Frequently Asked Questions
Q:I need to register for a class, but it's closed. What do I do?
A: If you need to get into a class that is currently closed, please keep an eye on its enrollment until the start of the quarter. It is very common for the enrollment to fluctuate before the quarter begins, and if you see an opening, you should be able to add yourself to the class (provided you meet the prerequisites).
Q: The quarter is about to start and I still haven't been able to add the class I need to take. What do I do?
A:Please attend the first week of the class you wish to add, talk with the instructor and sign the attendance sheet he/she provides. Some spaces may open at the end of this period, but this is not guaranteed. Please note that if you have not regularly attended class during this period, you will not be added even if there are available spots.
Q:The Time Schedule says the class is open, and I meet all the prerequisites. Why can't I enroll?
A: In all likelihood, the class is probably full. The main Time Schedule page is only updated once a day, and often does not accurately reflect the current number of students enrolled. For the most up-to-date information, you can either click on the SLN number of the course, or click on the Enrollment Summary link at the top of the Time Schedule page. Either option will show you the accurate enrollment numbers.
Q:Do you keep waiting lists for your classes?
A:Waiting lists are handled directly by the instructors. If you are trying to get into a closed course, please keep an eye on its enrollment as an opening may become available suddenly. Contact the instructor and attend the first week of class.
Q: Do I need an add code to get into your classes?
A: Add codes are only required for sections that have special designations, such as FIG sections. Most of our classes do not require an add code, and you should be able to register yourself during Period 1 or Period 2 provided you meet the prerequisites, if any, and there is space in the course/section you are trying to add.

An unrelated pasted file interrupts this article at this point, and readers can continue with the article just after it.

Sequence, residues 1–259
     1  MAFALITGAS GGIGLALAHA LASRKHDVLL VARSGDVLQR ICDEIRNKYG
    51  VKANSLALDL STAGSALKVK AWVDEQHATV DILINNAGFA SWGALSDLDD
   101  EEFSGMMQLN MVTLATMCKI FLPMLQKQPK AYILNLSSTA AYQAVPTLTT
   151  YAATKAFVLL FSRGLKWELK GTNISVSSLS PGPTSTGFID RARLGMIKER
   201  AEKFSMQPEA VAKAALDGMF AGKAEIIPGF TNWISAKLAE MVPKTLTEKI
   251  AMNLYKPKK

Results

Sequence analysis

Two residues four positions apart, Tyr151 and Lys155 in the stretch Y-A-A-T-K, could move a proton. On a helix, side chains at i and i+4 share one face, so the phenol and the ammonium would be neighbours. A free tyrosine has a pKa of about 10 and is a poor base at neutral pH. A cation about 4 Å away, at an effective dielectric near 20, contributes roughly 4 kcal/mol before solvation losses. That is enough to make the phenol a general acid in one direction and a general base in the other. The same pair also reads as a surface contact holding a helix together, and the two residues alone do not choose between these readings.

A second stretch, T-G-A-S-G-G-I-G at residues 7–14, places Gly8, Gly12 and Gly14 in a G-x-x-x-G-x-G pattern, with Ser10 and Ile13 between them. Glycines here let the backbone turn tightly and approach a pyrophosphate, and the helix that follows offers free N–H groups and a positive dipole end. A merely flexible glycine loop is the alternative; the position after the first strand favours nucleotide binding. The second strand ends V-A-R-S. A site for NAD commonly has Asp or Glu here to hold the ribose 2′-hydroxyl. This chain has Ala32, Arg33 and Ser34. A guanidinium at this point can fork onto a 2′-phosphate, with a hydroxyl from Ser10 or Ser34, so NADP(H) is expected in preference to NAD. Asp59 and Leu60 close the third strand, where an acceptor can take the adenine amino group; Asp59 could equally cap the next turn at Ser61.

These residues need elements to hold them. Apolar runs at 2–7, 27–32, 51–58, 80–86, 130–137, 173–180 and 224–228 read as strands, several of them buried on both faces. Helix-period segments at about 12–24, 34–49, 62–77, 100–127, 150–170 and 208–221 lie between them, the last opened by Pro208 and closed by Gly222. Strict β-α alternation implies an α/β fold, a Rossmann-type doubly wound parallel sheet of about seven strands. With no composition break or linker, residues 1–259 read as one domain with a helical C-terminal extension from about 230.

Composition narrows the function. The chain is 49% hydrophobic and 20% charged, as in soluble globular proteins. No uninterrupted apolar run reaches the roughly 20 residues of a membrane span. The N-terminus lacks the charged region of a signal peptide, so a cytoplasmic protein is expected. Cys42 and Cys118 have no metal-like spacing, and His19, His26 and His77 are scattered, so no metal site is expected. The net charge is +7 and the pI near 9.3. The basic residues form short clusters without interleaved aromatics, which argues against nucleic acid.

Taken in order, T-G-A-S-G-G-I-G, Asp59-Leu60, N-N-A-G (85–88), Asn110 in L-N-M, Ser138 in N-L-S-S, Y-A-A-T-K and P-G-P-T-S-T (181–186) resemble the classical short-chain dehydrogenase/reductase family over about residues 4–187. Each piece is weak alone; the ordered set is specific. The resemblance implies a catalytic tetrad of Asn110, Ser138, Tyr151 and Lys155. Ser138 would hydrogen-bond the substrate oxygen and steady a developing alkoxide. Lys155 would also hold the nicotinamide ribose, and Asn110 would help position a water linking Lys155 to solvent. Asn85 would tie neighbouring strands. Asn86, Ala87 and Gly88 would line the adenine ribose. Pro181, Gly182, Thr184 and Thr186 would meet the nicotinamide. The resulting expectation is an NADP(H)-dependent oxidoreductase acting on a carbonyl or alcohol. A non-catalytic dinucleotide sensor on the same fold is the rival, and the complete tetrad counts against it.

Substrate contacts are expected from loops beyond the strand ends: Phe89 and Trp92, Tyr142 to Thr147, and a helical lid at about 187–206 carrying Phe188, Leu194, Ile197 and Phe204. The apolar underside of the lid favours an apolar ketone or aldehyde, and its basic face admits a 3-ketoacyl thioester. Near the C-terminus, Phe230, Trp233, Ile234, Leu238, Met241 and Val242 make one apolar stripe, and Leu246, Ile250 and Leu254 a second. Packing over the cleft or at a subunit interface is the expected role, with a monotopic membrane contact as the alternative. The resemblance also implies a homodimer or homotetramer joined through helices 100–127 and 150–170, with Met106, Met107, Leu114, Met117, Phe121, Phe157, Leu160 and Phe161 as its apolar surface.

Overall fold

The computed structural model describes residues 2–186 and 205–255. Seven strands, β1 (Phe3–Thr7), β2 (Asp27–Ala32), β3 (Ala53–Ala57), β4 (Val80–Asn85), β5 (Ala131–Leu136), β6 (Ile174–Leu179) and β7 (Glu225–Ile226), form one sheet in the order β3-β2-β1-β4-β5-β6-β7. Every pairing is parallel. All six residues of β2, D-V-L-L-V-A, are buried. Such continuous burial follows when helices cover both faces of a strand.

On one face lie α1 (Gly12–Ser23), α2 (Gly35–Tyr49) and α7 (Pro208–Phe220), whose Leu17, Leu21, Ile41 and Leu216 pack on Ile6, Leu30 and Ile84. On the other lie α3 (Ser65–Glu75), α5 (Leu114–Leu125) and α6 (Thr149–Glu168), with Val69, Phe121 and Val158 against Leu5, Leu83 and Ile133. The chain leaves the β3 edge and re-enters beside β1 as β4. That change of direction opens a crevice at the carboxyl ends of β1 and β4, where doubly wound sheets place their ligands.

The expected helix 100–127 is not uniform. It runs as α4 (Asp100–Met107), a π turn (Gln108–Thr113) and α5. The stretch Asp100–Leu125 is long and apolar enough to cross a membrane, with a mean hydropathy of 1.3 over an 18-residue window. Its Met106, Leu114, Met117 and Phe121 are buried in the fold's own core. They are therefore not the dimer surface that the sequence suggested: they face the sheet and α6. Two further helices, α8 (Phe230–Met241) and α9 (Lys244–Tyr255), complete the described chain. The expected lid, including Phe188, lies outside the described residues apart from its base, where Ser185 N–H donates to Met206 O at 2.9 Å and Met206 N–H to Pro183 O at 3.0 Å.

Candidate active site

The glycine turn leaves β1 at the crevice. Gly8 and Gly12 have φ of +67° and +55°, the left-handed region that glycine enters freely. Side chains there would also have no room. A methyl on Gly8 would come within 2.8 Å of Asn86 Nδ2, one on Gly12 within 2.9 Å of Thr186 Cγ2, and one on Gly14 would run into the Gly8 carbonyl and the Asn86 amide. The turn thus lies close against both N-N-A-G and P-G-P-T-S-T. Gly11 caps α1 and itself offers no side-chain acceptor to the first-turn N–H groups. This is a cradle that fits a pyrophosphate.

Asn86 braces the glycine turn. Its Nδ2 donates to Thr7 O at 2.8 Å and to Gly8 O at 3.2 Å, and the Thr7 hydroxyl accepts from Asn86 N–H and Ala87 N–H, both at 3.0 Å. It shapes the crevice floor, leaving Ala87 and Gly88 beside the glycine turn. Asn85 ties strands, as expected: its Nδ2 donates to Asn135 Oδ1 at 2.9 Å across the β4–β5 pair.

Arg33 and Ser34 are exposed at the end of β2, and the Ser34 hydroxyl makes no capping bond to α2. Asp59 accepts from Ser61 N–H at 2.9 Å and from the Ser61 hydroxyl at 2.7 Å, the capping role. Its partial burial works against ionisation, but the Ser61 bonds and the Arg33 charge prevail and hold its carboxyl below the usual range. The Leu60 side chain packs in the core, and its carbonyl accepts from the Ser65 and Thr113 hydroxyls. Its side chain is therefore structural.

Q: The class I want to take is full, will you give me an add code?
A: Normally, add codes are handled directly by the instructor. However, you should watch the enrollment summary until the start of the quarter and/or attend the first day of class to be considered for any spots.
Q: What does an "FIG section" mean?
A: If a class is designated as FIG section, it means that only students who are part of a Freshman Interest Group may enroll in that section. If you are not a FIG student, you will need to register for another section.
Q: I'm a FIG student. How do I get into the FIG section?
A: Entry into the FIG sections is by add code only. If you have difficulties registering, please send an e-mail message to firstname.lastname@example.org
496 HONORS THESIS
Q:How do I go about signing up to write an Honors Thesis?
A: This option is only for students that have been admitted to the AES Honors Program. The pertinent application form is available at the academic adviser’s office; or it can be downloaded here [link here to AES H P Application]. Please notice that students must hold at least a 3.5 overall GPA and a minimum of 3.7 GPA in AES courses in order to be eligible for this option. For more information on this matter, see the section on Honors here [link here to AES Honors Thesis]